What makes Stephen L. Carter’s The Impeachment of Abraham Lincoln mainstream historical fiction rather than science-fictional alternate history? Maybe nothing—the book deserves a Nebula nomination, given that other alternate histories have been nominated. Maybe it’s just the marketing that put the book on another shelf.
Carter writes better than most science fiction writers, but that should not disqualify him.
Carter also eschews a lot of hand-to hand combat, complex break-ins into secret chambers under the unfinished Washington Monument, dead-eyed Western riflemen, Chinese mandarins with elaborate diction, Himalayan religious devotions, Texans ensuring the independence of their republic, submarines, silk balloons made out of ladies’ underwear, steam-powered pogo sticks, locomotive-repairing gamines with adorable smudges of grease on their high cheekbones, and Mark Twain.
OK, so he’s just faking it. The man clearly doesn’t know a thing about alternate history.
He does know how to write a good story, though, and I had a great time with it. His point of view character is Abigail Canner, a young black woman from a high-status black family in Washington who wants to become a lawyer, and gets swept up in the shenanigans surrounding the impeachment of an Abraham Lincoln who survived the assassination attempt at Ford’s Theater (“He had been shot on Good Friday. On Easter Sunday, he rose.”)
There is much fun stuff about social life on either side of the color line (with “the many evil Mellison daughters” who taunt poor Abigail as particular standouts), legal researching, courting, politics, and corruption. A number of historical characters put in appearances, including James G. Blaine, our old “continental liar from the state of Maine” and William Tecumseh Sherman.
I can guess one thing about Stephen Carter, without ever having met him: he is not a scoundrel. Nor is he a scalawag, or a rogue. I doubt he is even a rascal.
And that’s too bad. Because to handle a man like Daniel Sickles, a major figure in the narrative, you had best have features of all of those, as well as those of a con man, a circus ringmaster, a military commander, a ward heeler, and a Don Juan. Sickles has claims on being more interesting even than my old favorite, Benjamin Butler, who also appears in the narrative, but only at a distance during the trial itself. Here Sickles is one of those characters writers can’t resist as describing as “colorful”, without really showing any signs of why anyone would think that. Instead of propositioning Abigail and then claiming she stole his wallet, he performs able service to the cause. Not that Sickles wasn’t able. He was just a lot of other things as well.
One of Sickles's achievements: killing his wife's lover (the son of Francis Scott Key) and getting away with it by a plea of temporary insanity--Edwin Stanton, future Secretary of War, was his lawyer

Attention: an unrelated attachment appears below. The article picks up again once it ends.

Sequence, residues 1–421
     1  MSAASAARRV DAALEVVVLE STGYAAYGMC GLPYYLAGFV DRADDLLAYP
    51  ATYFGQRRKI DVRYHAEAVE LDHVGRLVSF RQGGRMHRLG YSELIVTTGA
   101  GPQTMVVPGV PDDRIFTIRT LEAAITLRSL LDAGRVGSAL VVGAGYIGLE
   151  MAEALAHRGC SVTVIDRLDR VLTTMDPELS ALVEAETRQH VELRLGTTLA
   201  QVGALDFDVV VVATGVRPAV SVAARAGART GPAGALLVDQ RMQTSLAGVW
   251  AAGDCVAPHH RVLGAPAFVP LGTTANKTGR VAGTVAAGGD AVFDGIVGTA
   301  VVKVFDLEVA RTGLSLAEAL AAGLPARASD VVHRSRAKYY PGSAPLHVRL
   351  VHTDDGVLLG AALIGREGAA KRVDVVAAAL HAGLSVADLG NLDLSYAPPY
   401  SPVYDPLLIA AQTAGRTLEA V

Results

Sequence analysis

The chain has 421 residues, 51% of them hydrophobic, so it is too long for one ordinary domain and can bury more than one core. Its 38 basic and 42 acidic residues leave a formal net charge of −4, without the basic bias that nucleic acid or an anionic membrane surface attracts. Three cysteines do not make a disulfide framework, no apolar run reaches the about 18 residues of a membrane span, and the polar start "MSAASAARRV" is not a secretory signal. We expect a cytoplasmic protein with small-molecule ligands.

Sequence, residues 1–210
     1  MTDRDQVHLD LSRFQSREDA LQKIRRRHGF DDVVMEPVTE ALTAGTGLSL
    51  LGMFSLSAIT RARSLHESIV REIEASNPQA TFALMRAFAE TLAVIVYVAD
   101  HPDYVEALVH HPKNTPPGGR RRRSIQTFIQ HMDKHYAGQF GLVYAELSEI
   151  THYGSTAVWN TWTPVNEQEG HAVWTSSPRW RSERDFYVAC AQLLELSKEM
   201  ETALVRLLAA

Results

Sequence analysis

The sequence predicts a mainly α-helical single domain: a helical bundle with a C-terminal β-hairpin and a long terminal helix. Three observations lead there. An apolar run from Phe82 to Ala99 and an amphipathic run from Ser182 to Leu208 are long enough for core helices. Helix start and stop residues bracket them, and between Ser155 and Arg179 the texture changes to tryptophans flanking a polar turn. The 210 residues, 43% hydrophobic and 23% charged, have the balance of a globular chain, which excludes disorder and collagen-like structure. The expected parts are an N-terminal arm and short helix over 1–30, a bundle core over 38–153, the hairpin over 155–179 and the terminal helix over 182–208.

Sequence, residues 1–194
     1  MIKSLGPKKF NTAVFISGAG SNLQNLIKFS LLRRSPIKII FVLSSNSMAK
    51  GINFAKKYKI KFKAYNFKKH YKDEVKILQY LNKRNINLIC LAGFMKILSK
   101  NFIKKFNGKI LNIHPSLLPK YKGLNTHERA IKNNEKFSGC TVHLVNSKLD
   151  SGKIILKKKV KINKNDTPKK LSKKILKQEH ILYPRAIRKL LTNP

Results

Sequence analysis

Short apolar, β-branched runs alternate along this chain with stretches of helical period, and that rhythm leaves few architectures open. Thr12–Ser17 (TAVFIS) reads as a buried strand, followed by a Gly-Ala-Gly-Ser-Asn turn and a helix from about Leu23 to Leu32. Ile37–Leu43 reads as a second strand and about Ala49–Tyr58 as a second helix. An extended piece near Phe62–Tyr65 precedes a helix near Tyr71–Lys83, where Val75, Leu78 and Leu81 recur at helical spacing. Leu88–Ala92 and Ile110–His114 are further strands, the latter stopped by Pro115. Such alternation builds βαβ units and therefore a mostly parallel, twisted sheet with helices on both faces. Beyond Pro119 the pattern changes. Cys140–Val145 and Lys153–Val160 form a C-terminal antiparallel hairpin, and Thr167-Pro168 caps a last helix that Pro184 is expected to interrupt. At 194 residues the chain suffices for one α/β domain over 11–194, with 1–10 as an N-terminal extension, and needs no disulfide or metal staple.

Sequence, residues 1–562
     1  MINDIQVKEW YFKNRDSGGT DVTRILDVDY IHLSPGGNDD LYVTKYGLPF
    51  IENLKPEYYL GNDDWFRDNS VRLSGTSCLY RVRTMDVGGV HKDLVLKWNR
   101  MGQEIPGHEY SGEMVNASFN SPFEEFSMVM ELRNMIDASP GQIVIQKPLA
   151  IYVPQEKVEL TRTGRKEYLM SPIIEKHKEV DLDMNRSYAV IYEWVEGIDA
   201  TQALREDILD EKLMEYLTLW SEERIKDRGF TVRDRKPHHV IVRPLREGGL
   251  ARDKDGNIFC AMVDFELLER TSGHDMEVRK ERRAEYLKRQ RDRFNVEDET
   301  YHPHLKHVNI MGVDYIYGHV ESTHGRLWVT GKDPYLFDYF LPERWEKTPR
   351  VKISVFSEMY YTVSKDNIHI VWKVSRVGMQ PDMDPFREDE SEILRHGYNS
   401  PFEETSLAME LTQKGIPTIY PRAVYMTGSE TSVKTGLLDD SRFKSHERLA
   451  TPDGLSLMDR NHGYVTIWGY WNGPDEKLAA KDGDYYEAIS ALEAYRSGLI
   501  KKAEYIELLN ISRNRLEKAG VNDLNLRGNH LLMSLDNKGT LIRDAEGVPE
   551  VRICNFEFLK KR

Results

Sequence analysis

As was my old favorite, Benjamin Butler, who appears here only on the other side of the Senate floor, as a major prosecutor in the impeachment proceedings, as he was in the historical impeachment of Andrew Johnson that serves as its model. I wish Carter had brought him up close and personal, and not described him as tall and blond without noting that he was pudgy, squint-eyed, and balding.
Did I hear someone say "no Adonis"?
Actually, the ghost of Gore Vidal (a particular favorite of mine, though he became a major crank in his later years) hovers over this work. Carter ably handles the social maneuvers at parties, the closed-door negotiations, the gossip, and the naked lust for power that were all Vidalian fascinations. He even features Kate Sprague, Salmon P. Chase’s elegant daughter, who was a major character in Vidal’s superb, if much-debated, Lincoln.
And Lincoln was a major character in Vidal’s Lincoln. Carter treats him surprisingly gingerly, sticking mostly the comical stories Lincoln used to deflect opponents and conceal his goals. Carter admits to being worried about portraying this astonishing and perplexing man. But Lincoln is the focus of the story, not a major character.
But Carter does encumber his narrative with an overly complex alternate conspiracy in addition to the Congressional cabal that is seeking to impeach the President. As always, the requirements of the conspiracy plot eventually compete for vital character oxygen with the actual surface plot, Abigail’s relationship with her complicated family, the young lawyer who has an interest in her, and all the other characters who seek to help her, confuse her, or use her. Some key figures get shortchanged.
I think Carter should have trusted his characters and the clever situation he had created for them more. The maneuvers around the impeachment were quite enough to hold my interest. But even with that handicap, it was one of the most fun books I’ve read in quite a while. Highly recommended.